A major divergence between Ireland and Rome lay in the former’s older, and actually incorrect, method of calculating the date of Easter, in which the Irish Church used a 84-year cycle based on the lunar calendar. In contrast, the Roman Church, like the rest of the Universal Church, used the solar calendar and ensured that Easter never fell on the same day as the Jewish Passover. This aspect would eventually become the main bone of contention between Rome and the Celts, with Rome winning the conflict at the Synod of Whitby held in 664. (To this day the Orthodox Church still calculates the date of Easter according to ancient Universal custom, so that the Non-Orthodox Easter falls one to five weeks before the correct Orthodox Christian Easter).

Different rites were employed by the Irish and Roman churches in the sacraments of baptism and episcopal confirmation. Also in the tonsuring of monks a divergence occurred: while the Roman tonsure involved shaving the top of the head, the Irish shaved across the forehead from ear to ear. These methods were ascribed to St Peter and St John, respectively. Old Irish customs such as storing water for the feast of the Epiphany (6 January) and lighting Easter fires to let them burn throughout the year (for example at Kildare) were also unique. Naturally, on the early Irish crosses Christ is pictured as the conqueror of death rather than as crucified – another parallel with the Universal Orthodox practice of Old Rome and elsewhere, according to which the celebration of the Resurrection of Christ takes precedence over that of His death, with Easter Sunday (Pascha) as the main feast of the Church year. The practice only changed from the late eleventh century on, when heterodoxy began to portray ‘the suffering Jesus’ in his human nature as a victim, not as the Victor. In addition, the study of Greek was undertaken in Irish monasteries at least until the ninth century, together with that of Latin and Hebrew.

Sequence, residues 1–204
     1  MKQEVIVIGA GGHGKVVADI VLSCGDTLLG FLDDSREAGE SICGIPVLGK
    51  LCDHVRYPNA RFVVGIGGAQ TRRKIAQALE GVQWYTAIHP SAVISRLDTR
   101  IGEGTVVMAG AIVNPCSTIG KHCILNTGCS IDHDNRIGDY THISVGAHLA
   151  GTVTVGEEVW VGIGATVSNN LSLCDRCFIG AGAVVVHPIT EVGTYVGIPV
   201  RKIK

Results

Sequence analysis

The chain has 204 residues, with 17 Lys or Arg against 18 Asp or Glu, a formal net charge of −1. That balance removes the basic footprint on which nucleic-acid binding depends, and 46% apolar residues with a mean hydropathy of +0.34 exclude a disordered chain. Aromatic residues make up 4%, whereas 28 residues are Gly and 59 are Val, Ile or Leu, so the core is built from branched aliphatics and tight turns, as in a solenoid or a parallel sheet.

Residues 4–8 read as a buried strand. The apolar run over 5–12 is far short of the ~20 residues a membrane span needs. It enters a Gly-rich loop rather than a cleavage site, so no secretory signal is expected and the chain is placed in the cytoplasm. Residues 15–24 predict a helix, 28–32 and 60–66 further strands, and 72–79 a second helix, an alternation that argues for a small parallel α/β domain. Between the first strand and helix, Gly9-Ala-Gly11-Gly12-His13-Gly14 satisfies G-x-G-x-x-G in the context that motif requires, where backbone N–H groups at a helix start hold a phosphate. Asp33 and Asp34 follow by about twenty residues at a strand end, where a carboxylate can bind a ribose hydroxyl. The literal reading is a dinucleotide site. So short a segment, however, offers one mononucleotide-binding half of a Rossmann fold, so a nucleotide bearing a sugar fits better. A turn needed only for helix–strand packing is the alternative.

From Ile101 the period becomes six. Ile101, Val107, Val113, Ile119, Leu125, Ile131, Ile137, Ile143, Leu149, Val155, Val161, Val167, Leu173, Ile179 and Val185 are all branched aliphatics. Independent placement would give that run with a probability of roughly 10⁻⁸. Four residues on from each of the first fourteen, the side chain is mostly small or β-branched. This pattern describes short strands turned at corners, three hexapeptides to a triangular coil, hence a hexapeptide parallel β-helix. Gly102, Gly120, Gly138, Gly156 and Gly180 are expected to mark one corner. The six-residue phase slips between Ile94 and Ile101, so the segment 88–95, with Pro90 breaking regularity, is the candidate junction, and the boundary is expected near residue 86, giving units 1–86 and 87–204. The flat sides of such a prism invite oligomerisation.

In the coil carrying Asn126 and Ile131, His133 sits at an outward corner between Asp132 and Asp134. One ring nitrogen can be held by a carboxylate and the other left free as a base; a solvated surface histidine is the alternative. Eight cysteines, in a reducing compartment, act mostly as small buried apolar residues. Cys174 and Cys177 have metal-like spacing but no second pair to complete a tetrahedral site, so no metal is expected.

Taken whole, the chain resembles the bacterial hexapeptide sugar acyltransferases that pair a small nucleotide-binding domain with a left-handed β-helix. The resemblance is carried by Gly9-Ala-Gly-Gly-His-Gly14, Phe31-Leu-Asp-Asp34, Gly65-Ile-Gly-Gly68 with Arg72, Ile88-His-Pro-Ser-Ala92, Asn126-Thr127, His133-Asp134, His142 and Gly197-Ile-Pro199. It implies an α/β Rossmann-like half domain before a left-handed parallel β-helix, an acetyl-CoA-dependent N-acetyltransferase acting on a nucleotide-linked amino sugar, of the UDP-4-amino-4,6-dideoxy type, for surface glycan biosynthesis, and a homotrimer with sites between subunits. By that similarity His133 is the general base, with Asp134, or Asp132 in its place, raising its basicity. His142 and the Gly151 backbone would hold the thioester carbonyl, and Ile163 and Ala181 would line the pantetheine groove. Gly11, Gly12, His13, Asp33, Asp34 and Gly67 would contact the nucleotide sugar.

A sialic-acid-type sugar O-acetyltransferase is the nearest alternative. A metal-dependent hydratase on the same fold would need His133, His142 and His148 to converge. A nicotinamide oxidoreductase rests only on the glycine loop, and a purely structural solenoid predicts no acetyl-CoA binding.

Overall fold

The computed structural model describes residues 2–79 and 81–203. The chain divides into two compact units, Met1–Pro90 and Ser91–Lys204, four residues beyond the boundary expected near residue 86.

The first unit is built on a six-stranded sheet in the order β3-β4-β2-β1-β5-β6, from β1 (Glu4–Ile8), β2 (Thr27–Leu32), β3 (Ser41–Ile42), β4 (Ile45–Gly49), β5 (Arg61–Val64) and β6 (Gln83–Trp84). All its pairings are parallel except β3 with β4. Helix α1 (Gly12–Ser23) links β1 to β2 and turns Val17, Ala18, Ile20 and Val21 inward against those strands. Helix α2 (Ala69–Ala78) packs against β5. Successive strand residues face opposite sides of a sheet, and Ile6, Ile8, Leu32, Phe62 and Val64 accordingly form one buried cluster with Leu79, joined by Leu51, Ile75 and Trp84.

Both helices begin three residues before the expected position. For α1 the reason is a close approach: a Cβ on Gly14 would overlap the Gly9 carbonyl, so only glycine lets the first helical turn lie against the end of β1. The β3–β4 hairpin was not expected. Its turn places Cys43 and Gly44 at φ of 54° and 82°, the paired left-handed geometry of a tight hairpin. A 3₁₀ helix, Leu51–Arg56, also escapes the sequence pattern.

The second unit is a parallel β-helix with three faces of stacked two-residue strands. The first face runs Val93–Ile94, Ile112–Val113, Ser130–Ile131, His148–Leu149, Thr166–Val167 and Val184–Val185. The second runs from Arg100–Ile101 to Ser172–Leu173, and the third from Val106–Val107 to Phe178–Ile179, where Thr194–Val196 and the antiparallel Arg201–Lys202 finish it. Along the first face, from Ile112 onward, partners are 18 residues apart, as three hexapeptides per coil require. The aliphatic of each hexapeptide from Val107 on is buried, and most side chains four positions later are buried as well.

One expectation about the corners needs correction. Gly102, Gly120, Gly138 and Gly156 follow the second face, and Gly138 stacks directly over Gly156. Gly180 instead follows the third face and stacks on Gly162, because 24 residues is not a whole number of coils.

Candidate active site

It is interesting to note that in some of the Irish monastic settlements not only monks and nuns were to be found, but also married couples and families. This is a further parallel between Irish and Universal Orthodox practice, with married priests being the norm in the Orthodox Church to this day, without in any way diminishing the vital importance of the monastic vocation in the Church. The very organization of the Irish Church was of a monastic nature, with the abbot or abbess being the highest authority in a given area. This was in contrast to the diocesan structure of the rest of the Church, in which the bishop is the highest authority.